Local fish added to Endangered Species list - WRCBtv.com | Chattanooga News, Weather & Sports

Local fish added to Endangered Species list

Posted: Updated:
Laurel Dace. / USFWS Laurel Dace. / USFWS
Cumberland Darter. / USFWS Cumberland Darter. / USFWS
Rush Darter. / USFWS Rush Darter. / USFWS
Yellowcheek Darter/ USFWS Yellowcheek Darter/ USFWS
Chucky Madtom./ USFWS Chucky Madtom./ USFWS

CHATTANOOGA (WRCB) – The US Fish and Wildlife Service has announced five Southeastern fish will be added to the Endangered Species list, including one from the Chattanooga area.

According to the US Fish & Wildlife Service, the Cumberland darter, rush darter, yellowcheek darter, chucky madtom, and laurel dace are now federally-listed as endangered throughout their respective ranges.

The endangered status goes into effect on September 8th, 30 days from Tuesday's decision.

The laurel dace can only be found the Walden Ridge area of Tennessee. The Cumberland darter occurs in Kentucky and Tennessee near Nashville, the rush darter in western Alabama, the yellowcheek darter in central Arkansas, and the chucky madtom can only be found in the Little Chucky Creek, northeast of Knoxville.


The laurel dace was historically found in seven streams on the Walden Ridge portion of the Cumberland Plateau in Tennessee.  Currently, laurel dace's population is found in six of the seven streams that were historically occupied, but in shorter reaches.  In these six streams, laurel dace are known to occupy reaches of approximately 0.2 to 5 miles in length.


The Cumberland darter is only found in the upper Cumberland River system above Cumberland Falls in Kentucky and Tennessee.  Historically, this species inhabited 21 streams in the upper Cumberland River system.  Now, the Cumberland darter survives in short reaches of less than one mile along 12 streams.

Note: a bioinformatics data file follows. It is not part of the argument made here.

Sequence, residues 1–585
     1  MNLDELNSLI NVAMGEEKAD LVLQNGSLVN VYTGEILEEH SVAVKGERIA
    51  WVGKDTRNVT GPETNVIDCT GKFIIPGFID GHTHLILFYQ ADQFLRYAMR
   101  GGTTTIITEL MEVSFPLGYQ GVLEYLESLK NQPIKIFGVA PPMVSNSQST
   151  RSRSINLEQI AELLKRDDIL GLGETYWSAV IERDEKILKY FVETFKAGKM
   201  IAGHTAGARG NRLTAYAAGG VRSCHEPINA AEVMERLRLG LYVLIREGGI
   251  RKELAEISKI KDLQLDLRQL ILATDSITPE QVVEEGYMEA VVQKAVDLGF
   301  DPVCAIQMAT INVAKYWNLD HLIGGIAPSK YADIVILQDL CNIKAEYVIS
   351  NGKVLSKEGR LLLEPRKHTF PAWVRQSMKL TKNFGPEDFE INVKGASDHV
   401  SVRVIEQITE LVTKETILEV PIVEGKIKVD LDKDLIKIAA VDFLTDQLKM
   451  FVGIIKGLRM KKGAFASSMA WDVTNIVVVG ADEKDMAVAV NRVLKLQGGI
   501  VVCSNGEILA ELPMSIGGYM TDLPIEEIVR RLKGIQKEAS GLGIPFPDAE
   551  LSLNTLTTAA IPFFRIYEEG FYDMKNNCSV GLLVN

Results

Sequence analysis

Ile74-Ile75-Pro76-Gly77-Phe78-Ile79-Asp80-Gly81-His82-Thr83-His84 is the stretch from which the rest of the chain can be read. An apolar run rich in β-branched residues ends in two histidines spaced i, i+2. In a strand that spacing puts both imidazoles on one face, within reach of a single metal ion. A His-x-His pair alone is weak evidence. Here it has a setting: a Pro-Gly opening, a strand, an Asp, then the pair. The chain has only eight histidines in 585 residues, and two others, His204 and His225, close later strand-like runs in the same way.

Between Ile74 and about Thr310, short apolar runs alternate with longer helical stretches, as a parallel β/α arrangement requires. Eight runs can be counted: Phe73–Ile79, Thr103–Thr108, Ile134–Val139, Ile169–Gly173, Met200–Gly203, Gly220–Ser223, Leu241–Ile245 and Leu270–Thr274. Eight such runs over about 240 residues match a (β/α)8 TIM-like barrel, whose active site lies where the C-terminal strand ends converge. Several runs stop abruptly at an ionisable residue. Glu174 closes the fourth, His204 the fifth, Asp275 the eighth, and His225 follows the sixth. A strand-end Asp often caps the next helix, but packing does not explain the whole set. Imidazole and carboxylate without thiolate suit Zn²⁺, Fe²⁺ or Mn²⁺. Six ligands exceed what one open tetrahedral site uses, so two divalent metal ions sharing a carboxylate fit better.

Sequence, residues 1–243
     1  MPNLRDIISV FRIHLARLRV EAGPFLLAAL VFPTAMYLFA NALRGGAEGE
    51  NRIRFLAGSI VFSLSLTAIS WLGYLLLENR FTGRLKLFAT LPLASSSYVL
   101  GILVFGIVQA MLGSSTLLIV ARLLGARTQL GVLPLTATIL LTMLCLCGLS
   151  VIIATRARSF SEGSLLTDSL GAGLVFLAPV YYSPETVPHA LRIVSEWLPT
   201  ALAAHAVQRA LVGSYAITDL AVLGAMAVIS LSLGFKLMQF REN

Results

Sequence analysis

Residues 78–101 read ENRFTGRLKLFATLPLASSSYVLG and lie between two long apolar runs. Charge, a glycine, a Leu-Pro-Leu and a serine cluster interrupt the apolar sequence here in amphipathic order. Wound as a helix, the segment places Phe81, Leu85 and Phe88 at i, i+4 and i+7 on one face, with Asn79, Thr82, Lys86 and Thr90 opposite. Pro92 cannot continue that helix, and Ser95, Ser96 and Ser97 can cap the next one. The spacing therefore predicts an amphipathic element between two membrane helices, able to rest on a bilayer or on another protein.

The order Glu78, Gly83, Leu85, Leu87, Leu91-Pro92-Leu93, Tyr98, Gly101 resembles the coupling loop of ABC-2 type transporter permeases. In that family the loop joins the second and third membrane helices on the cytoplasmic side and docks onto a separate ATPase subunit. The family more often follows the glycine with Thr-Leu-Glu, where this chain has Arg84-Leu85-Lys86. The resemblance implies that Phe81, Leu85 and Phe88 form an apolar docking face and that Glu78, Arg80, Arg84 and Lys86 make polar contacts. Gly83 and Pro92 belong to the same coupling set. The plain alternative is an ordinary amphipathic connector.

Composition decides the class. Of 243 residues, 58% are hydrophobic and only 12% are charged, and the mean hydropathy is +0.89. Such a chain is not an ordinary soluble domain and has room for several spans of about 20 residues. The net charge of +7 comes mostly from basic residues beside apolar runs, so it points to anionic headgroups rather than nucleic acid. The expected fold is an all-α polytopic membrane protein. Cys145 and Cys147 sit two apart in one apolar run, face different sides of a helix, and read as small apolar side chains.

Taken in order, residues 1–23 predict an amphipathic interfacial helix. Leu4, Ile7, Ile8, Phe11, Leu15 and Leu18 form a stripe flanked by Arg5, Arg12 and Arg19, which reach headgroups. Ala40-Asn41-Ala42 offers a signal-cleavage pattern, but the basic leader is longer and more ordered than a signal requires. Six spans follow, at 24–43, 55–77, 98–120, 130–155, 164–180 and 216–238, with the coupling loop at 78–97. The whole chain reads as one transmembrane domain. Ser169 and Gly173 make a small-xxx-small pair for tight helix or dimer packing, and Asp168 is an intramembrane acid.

The rush darter is only found in the Tombigbee-Black Warrior drainage in Alabama. It continues to have a presence in three watersheds: the Turkey Creek watershed (Jefferson County); the Clear Creek watershed (Winston County); and the Cove Creek watershed (Etowah County). However, the fish has a more limited distribution within these watersheds.


The yellowcheek darter is found in the Little Red River basin in Arkansas.  Although yellowcheek darters still inhabit most streams within their historic range, they exist in greatly reduced population numbers in the Middle, South, Archey, and Beech forks of the Little Red River.


A small catfish, the chucky madtom is found in the upper Tennessee River system in Tennessee. Currently, only three chucky madtoms have been collected from one stream, Little Chucky Creek, since 2000.

The ranges and abundance of these five fishes seriously declined due to changes in their stream habitats resulting from mining, agriculture, reservoir construction, channelization, urban sprawl, pollution, sedimentation, and incompatible forestry practices. 

The designation of critical habitat also is prudent for all five fishes and will be proposed in the Federal Register following the final listing.  A 60-day comment period will follow publication of the proposed critical habitat rule in the Federal Register at which time the public can provide comments and request public hearings.

All five fishes were candidates for listing as endangered or threatened species under the Endangered Species Act.  The Cumberland darter was first identified as a candidate for listing in the 1985 Candidate Notice of Review (CNOR), and the rush darter became a listing candidate in the 2002 CNOR.  The yellowcheek darter was included in the 2001 CNOR, the chucky madtom in the 1994 CNOR, and the laurel dace in the 2007 CNOR. 


Powered by Frankly